Written by Scott McEwen with Thomas Kolonear
If books came with sound tracks this one would have the rapid gunfire and explosions of a Hollywood summer movie. The action never stops. That’s all right with the hero Master chief Gil Shannon who doesn’t like it when life gets too quiet. When we first encounter him in this book he is laying in wait on a French rooftop to shoot a terrorist named Docca Umarov. Gil’s spotter, watching the scene from an eye in the sky, reports in his earpiece that another sniper is nearby. Quickly things get ugly and Gil is winged by the unknown sniper, then chased by French gendarmes and their dogs down alleys, across a river and through warehouses—sustaining a flesh wound on his hip, dog bite on his left arm and left hip, and his titanium foot giving out under the stress of the chase. His spotter, still commenting in his earpiece, guides him to safety in the Russian embassy since someone tipped off the French about his identity and they have the American embassy surrounded. Soon Gil is in Russia joining forces with one Major Ivan Dragunov to kill a Spetsnaz (read Russian version of SEALS) gone rogue named Kovalenko better known to those who rightly fear him asThe Wolf. And if possible they will take down the original target Docca Umarov. All this by page 30.
Both Shannon and Dragunov are cynical. Temporarily their separate national interests align, the object being oil profits not principles, although Shannon is considered to be an idealist because he doesn’t like to kill people unless they have it coming. And plenty of people have it coming, most of them ethnic Chechens intent on blowing up an oil pipeline and anyone foolish enough to try to stop them. Here’s a small quote from their epic battle in the Caucasus, two men against the enemy, all of it watched in real time by another an eye on the sky so the whole battle can by witnessed by a group of high powered men, including the American President, at home in Washington. “Gil switched the AK-105 to semiauto and shot a straggler in the back, stepping on the head as he dashed over him. He shouldered the rifle and shot another man in the back of the skull.” We are clearly in the land of video games and Marvel comics movies.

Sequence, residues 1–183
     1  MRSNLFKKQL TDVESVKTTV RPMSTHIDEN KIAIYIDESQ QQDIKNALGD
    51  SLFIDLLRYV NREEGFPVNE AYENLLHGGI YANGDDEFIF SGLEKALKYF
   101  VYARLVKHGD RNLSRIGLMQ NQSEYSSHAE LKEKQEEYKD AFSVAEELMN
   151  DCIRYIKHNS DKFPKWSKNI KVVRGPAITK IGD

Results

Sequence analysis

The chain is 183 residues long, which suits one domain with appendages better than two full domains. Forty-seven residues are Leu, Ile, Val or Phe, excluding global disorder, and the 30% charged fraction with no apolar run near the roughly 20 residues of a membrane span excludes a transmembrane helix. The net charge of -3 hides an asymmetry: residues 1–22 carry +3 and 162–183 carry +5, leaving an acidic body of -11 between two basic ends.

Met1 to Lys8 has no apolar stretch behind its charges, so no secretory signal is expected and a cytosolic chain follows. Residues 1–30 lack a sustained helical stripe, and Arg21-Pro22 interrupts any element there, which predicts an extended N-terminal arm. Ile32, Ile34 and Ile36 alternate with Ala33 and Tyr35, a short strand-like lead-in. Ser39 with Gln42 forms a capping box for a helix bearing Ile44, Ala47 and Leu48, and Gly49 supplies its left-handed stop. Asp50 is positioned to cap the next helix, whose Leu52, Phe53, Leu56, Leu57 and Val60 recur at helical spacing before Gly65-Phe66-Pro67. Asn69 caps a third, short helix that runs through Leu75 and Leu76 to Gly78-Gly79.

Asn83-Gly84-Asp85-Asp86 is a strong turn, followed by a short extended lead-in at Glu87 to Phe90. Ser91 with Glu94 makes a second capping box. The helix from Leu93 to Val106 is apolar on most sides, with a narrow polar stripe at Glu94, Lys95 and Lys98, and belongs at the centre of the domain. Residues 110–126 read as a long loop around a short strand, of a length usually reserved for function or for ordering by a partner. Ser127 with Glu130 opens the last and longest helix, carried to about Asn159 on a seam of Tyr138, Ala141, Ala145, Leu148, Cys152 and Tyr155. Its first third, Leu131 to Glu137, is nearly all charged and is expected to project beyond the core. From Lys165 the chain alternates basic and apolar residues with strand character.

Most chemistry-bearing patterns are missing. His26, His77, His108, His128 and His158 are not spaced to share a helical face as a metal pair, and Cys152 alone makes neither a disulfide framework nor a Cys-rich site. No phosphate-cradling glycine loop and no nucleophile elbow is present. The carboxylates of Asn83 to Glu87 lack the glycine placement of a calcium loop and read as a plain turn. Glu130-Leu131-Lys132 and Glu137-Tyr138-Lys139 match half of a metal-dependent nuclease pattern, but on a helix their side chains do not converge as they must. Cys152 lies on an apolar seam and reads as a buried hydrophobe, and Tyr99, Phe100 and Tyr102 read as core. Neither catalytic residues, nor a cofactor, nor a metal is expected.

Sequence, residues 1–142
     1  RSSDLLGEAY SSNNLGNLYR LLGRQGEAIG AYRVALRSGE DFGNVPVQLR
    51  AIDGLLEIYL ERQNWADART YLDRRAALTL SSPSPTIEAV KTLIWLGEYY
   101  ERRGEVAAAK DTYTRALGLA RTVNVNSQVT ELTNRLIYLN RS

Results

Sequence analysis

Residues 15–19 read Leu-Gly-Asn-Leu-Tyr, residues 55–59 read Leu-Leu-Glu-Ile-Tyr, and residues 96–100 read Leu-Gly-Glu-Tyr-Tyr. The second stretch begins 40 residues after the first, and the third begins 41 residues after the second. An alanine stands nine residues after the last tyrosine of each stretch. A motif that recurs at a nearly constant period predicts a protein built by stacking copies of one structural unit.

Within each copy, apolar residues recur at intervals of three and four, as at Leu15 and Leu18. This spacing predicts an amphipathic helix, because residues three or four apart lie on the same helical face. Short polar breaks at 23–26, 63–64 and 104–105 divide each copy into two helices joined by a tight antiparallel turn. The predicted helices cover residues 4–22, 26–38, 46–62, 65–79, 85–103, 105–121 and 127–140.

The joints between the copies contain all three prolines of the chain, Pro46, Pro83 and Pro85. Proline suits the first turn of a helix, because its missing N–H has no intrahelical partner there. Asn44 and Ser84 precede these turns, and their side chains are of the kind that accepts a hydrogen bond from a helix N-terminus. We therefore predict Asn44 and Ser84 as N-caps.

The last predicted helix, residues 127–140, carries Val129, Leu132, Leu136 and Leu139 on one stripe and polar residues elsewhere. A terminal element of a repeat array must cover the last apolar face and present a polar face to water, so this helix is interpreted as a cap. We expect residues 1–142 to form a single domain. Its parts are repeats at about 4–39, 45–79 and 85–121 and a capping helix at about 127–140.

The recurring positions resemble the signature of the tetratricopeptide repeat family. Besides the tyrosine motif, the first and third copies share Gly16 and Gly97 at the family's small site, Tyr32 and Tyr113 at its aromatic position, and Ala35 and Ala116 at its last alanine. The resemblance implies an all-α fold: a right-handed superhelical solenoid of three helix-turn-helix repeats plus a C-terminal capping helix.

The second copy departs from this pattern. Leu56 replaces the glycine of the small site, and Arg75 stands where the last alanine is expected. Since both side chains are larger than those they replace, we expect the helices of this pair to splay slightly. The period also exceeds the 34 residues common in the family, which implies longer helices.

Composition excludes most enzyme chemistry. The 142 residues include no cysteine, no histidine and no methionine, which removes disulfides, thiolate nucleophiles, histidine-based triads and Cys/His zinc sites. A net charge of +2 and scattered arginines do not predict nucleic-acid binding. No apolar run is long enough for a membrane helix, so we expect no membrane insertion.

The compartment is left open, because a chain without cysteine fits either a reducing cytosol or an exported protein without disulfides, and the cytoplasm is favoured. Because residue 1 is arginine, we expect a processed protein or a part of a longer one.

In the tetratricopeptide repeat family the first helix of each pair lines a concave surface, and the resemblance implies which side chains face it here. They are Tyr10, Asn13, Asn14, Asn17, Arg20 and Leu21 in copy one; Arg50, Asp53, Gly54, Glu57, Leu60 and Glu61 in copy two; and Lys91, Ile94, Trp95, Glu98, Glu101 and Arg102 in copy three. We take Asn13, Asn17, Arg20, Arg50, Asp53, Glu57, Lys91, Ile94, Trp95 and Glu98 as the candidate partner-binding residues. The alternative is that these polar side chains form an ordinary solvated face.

I have no idea if it would be possible in reality for the President to witness such a battle or for two men to survive a drop out of a jet with a drag chute . On the other hand, the weaponry so lovingly described gives it a feeling of being grounded in some reality. A G28 in 7.62 mm or a G28 with a dual me clamp both 10 round mags full. A Dragunov SVD sniper rifle in 7.62 x 54mmR(rimmed)…with a black polymer stock, and equipped with the standard-issue PSO-1 scope, suppressed. With no frame of reference for this I started looking items up on line. Isn’t it amazing what you can buy on the internet. Here’s Dragunov in case you’re wondering but the stock isn’t black….
A Dragunov SVD the first rifle designed as a sniper rifle. It was named after the Russian hero’s grandfather. The first sentence is true according to the internet. Russian grandfather may be an embellishment by the authors.
Scott McEwen was not in the armed forces but he grew up hunting and fishing and according to his bio he works with several military charities. He was the co author with Chris Kyle of AMERICAN SNIPER. This kind of action adventure is not usually on my bedside table but a friend sent it to me, and as I hope you can tell from my comments. I had a good time once I recovered from my surprise. I found the story engrossing and was completely fascinated by all the hardware and manly chat. I would, however, caution against reading it before you plan to sleep. It took at least an hour for my heart rate to settle back to normal.
Scott McEwen with Thomas Kolonear
The Sniper and the Wolf: A Sniper Elite Novel
Touchstone/Simon & Schuster
May 12, 2015